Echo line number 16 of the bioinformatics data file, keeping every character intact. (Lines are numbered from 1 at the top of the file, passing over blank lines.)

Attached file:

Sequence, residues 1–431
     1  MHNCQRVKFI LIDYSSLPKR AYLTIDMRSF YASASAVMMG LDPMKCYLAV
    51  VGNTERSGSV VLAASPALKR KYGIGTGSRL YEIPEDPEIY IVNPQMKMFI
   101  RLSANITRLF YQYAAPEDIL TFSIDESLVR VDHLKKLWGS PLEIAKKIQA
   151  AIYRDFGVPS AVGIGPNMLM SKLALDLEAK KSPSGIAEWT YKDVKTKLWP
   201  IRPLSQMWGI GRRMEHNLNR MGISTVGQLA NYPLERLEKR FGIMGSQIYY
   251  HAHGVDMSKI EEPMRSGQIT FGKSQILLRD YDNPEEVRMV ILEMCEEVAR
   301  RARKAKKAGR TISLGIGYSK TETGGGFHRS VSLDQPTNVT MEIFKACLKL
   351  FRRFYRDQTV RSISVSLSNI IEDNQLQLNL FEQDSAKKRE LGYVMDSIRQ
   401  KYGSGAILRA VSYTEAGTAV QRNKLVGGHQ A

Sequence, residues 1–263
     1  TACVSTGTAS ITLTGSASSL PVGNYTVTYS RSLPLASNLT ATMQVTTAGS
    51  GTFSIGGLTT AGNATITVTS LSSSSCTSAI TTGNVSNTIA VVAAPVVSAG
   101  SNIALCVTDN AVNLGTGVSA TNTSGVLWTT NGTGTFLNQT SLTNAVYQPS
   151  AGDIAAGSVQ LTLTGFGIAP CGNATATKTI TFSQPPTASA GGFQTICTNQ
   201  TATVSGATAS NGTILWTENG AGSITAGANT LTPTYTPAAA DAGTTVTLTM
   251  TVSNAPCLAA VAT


   201  TATVSGATAS NGTILWTENG AGSITAGANT LTPTYTPAAA DAGTTVTLTM